Intimidated? Yes. Nervous? Yes. Truth be told, I was apprehensive about taking public transport in Delhi, not because of the catastrophic 2012 Delhi gang rape, but…the fear of the unknown. I have never seen how the metro looks like, nothing about them in the Bollywood films I’ve watched, did not Google or Youtube the metro, certainly did no research, nothing at all! This trip was “planned” that way. Hey we’re backpacking!
When my host (I couchsurfed, you can too!) dropped us at the metro station, my friend and I were excited beyond words! Before anything else, we had some purchasing and topping up to do.
There was only ONE machine to buy the tickets from. Guess what? That very machine was out of order! After asking around, we were told to get the tickets at the counter.
We realised that the counter sells only one-way ticket, also known as the “token”. We didn’t want that. We’re coming back, so the normal “travel card” was what we needed. We were directed to another counter, (probably Customer Care Centre).
The Customer Care Centre wasn’t caring enough. The counter was so pathetic, it is located parallel to the entry/exit points. The space leading to the window and the window itself is so small, and there were a lot of people with problems, so this was pretty much annoying. The idea of queuing or personal space don’t exist in India, so if you can’t beat them, join them. I elbowed my way through that small space (about one feet), and mind you, I’m nowhere near petite. After going back and forth (from the right to the left side) a million times, we finally got the ticket.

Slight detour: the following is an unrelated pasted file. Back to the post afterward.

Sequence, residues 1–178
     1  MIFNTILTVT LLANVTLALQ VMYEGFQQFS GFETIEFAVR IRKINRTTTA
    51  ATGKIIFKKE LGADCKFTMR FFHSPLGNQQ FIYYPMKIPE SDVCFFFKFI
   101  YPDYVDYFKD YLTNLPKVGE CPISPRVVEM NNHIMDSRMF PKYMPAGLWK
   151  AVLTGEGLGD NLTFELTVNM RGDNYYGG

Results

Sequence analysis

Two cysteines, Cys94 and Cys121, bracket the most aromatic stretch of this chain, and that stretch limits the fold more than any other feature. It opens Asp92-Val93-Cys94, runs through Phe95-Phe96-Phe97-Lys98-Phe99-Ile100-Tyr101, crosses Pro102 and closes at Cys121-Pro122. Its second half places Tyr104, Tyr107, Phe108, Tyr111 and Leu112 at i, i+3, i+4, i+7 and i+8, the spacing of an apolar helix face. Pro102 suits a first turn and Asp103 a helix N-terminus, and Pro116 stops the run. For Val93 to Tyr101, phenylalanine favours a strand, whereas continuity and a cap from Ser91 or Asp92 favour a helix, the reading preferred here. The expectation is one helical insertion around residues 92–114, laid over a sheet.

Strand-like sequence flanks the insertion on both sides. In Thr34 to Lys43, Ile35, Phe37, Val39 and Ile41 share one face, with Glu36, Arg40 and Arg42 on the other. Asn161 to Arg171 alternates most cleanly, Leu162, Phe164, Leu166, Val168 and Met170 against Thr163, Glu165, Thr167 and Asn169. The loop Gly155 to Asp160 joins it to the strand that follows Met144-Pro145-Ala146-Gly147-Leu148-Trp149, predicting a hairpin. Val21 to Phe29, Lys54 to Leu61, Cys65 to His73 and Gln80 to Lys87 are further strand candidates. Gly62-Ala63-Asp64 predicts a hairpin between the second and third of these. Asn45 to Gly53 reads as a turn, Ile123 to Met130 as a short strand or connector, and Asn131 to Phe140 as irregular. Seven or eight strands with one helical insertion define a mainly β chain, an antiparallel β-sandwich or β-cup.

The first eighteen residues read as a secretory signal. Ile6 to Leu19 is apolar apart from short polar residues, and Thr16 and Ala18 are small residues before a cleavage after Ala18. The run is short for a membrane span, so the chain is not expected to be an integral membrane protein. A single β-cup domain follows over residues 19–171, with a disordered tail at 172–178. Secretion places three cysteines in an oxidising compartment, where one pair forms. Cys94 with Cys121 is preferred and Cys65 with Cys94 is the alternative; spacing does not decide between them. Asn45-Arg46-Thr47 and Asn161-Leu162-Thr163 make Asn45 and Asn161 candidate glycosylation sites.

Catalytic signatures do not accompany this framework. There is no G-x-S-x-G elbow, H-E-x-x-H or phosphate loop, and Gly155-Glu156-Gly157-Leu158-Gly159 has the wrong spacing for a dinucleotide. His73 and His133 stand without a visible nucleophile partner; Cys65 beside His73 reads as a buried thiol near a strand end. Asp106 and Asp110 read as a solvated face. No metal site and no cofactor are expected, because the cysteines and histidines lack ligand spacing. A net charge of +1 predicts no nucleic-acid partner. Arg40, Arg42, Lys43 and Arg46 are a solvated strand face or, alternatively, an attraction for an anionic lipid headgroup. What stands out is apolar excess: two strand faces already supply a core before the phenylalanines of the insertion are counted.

Topping up the card my host lent was not so much of a pain as getting a new one, but this was…a bit challenging. The machine looked like it was transported through a time-travelling vortex. It looked old (line began operating in 2004, so not supposed to look THAT old) and I couldn’t tell if it was working. I asked a local for help but he was just as lost as I was. Someone else offered to help. Ahh a light at the end of the tunnel. I glanced over my shoulder, a crowd was forming behind (no queue, remember?). I began to feel terrible for hogging the machine for quite sometime (stupidity is intolerable in Singapore). The light was there, but not for long. Darkness in the tunnel again, urgh! Apparently some of our notes were not accepted. Dammit. It’s not our fault that we were given toilet-paper-like notes!
After going through the metal detector (thankfully the female line is smoother, more males around here), we went up the escalator. Looking at the route map, we spotted our destination – Chandni Chowk. The problem is…we have no idea where we were! We spent quite a while to figure it out and decided to give up after sometime. So we headed straight to the platform. Seriously, what is so hard about indicating a “you are here” on the route map? Or the name of the station on a huge plaque above our heads?
By some miraculous discovery, we found our stop – HUDA City Centre. Oh Delhi Metro… You can be a pain, but despite these five problems, I really enjoyed the ride.